February is a snowy month for New England. It is not unusual for a stormy weather pattern to settle over us and spin off two or even three snow events in a single week.
We received a few inches of snow on Monday, a foot on Wednesday with a few more inches expected on Sunday.
Bad backs and bad attitudes begin to prevail as folks around here experience snow fatigue.
There is one individual however, who never tires of inclement weather. In fact, he seems to crave poor weather conditions and the opportunity it affords to burn off some excess energy.
As the first flakes begin to fall, Weston heads to our front step where he begins scratching and scrapping the concrete with his heavy aluminum shovel.
It is the only household chore that I do not need to remind him to do....ever.
The boys did not have school on Wednesday. Weston took full advantage of the snow day to man his usual post as Chief Walkway Cleaner.
He maintained snow removal excellence throughout the day but soon tired of his much-too-easy and all-too-familiar responsibility.
"Mom!" he shouted brightly, "I have an idea!"
"Would it be OK if I go around the neighborhood and ask if I can help people shovel out?"
Hmmm, I thought to myself, let's see, should I allow the eager boy to roam the neighbor in search of gainful employment or do I subdue his restless energy and force him inside where he will most likely spend much of the day terrorizing his younger brother?
The vision of a red-faced Nicholas screaming at the top of his lungs "Weeeston Stooooop!" is all I need to make the no-brainer decision.
"OK Weston, where are you going to go?"
He described his proposed route, grabbed his trusty shovel and headed out into the snow ravaged neighborhood.
Now, had this been December, I expect the eager shovelest may have had more difficulty, but since this is February, and we have all shoveled and plowed and scraped until our hands are calloused and our back's broken, I suspected he might do OK.
Sure enough it isn't long before the front door bursts open with a blast of cold air and a whirlwind of teenage enthusiasm.
"Mom!" shouts the energized entrepreneur, his face red, his hair wet with sweat.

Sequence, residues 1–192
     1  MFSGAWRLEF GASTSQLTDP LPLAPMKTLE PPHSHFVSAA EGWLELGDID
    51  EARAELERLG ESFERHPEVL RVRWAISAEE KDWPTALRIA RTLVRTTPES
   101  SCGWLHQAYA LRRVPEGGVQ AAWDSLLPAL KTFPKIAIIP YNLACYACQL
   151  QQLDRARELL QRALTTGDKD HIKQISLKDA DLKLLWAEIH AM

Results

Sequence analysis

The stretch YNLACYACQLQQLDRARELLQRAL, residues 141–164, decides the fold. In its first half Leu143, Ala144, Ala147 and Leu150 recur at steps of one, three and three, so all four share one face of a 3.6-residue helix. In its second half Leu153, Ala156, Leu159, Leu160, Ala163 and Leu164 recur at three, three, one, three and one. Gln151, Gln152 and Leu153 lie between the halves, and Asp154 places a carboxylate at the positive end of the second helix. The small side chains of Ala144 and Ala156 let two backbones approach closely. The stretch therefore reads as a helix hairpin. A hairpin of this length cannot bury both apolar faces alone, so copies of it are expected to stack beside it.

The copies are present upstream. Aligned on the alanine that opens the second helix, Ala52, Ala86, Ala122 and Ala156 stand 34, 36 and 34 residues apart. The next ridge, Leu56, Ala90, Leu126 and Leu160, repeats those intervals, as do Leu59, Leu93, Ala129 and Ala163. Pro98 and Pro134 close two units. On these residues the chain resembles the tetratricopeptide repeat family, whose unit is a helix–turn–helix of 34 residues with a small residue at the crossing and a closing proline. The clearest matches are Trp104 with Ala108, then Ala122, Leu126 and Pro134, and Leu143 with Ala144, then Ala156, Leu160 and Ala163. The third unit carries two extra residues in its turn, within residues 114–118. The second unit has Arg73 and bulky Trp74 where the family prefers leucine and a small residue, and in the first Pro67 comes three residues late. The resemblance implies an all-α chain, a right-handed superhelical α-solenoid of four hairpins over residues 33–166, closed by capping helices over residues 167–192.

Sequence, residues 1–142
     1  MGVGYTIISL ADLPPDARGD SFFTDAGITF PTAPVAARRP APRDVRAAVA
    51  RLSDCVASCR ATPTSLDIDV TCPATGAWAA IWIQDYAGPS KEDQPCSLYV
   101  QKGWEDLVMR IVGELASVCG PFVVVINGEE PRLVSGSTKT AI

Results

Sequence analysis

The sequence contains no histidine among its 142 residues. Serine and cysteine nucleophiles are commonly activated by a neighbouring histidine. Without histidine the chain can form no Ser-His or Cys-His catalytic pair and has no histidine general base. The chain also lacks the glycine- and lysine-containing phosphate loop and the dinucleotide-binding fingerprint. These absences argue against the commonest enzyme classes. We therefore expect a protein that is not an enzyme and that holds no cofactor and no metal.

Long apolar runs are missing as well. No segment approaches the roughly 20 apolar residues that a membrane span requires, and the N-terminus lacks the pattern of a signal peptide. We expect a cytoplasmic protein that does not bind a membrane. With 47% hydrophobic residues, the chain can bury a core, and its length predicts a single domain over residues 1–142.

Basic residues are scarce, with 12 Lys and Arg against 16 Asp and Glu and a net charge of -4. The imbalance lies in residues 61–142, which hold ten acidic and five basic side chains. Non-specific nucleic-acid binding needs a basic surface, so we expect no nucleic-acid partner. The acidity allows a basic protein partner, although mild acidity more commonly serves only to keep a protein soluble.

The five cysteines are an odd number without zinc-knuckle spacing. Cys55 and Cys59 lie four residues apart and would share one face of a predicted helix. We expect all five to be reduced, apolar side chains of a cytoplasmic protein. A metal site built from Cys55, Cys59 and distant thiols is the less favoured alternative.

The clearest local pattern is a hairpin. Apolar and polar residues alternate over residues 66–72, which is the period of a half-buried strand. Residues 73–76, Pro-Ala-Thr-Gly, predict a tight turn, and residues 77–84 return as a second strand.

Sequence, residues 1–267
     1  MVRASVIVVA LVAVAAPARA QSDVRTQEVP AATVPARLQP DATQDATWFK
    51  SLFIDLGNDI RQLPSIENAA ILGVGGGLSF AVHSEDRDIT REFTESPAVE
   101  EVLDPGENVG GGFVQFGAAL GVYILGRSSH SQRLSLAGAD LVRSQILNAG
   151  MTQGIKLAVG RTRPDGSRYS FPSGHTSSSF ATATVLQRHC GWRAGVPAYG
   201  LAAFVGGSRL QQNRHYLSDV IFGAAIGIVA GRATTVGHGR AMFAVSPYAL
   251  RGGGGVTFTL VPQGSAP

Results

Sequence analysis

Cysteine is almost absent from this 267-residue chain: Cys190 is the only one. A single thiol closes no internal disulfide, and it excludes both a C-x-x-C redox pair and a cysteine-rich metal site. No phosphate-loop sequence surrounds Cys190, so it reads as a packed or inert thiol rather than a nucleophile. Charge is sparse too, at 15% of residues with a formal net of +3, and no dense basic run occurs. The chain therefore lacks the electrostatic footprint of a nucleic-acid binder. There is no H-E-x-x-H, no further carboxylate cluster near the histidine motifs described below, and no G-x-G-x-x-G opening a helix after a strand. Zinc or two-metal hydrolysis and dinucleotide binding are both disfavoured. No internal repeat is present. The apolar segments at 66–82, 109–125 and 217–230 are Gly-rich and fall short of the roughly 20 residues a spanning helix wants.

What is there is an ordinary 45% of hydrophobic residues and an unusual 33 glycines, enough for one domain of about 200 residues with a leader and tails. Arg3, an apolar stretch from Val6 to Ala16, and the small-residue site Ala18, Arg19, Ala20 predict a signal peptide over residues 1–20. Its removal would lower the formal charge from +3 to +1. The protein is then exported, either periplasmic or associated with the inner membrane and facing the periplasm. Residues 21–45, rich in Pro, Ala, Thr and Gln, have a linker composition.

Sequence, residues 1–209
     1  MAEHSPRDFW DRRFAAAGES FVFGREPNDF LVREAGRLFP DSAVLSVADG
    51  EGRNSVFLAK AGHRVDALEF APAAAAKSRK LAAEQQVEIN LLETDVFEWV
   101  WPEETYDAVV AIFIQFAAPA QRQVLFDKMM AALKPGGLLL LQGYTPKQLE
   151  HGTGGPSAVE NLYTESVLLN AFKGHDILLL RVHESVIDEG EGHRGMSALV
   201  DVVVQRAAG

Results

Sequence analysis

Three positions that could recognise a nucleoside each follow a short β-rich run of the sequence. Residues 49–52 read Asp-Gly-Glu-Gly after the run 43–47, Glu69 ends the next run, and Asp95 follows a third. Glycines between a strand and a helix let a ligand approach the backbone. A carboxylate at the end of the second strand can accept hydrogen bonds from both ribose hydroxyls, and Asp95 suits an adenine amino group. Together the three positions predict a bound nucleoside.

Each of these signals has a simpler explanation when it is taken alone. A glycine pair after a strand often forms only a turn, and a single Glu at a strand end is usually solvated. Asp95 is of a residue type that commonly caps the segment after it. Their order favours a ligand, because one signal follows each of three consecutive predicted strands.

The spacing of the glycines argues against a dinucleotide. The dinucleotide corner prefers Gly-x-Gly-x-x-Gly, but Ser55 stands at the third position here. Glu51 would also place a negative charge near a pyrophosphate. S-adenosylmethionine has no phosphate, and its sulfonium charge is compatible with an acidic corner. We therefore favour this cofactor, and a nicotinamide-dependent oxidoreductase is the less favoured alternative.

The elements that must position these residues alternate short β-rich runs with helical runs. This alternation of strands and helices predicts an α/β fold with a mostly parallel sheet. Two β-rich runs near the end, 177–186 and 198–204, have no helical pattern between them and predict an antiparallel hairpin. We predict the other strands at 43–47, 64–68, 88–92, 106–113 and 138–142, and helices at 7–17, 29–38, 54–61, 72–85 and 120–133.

"Look, I made thirty dollars!"
He hands me the wet crumpled bills and stares at them in disbelief as if the soggy, green currency might disappear if he looks away.
"It's real money," he says.
I suppress an urge to laugh at my perceived cluelessness.
"Wow, that's great Weston, who was the generous donor?"
"Well you kind of go down this way and around that way and up." he explains confidently using several animated hand gestures.
But my ability to speak Weston is somehow negatively effected by the storm and I have no idea where he has offered his services.
I struggle to maintain an emotionless expression, since extreme outrage can often accompany joyous outbursts in Weston, his emotional control center seeking to find its balance.
I try again delicately.
"Ohhhh, you mean the yellow house straight ahead on the right?"
"No Mom, he says with frustration. "It's down this way and around that way and up," he says again losing his patience.
"Ohhhh, that one," I answer still completely unaware where this kind soul resides.
"What did they look like?" I ask, hoping that perhaps his description of the snowbound resident may provide me with some kind of a clue to their identity.
"Well she's like the kid. She's been living in Asia and hasn't seen snow for 5 years."
"Five years in Asia, wow that's great," I say certain now that I would not know this person if I tripped over them.
"Yeah I helped her shovel out two of her cars. She asked me what I charged and I told her she could pay me whatever she thought was fair and she gave me thirty dollars!"
"Well we will need to thank her," I said, "maybe when we drive by on our way to school."
"Yeah," Weston says and I am thankful that I will eventually learn the location of this good Samaritan.
Pete comes in from plowing and the eager Weston is happy to share his news.
"Dad, Dad, I got thirty bucks" he shouts.
"That's great, who gave it to you?" he asked.
"You know the house where you go down this way and around that way and up," he answered.
I raise my eyebrow and look at my husband wondering how he will respond to our joyous jobber.
"Ohhh that one," Pete says winking at me while keeping his expression completely emotionless.
He too, it appears has learned to speak Weston.
The successful shoveling shindig has been a good experience for our maturing young man and I am comforted that he may just find his way in this world after all.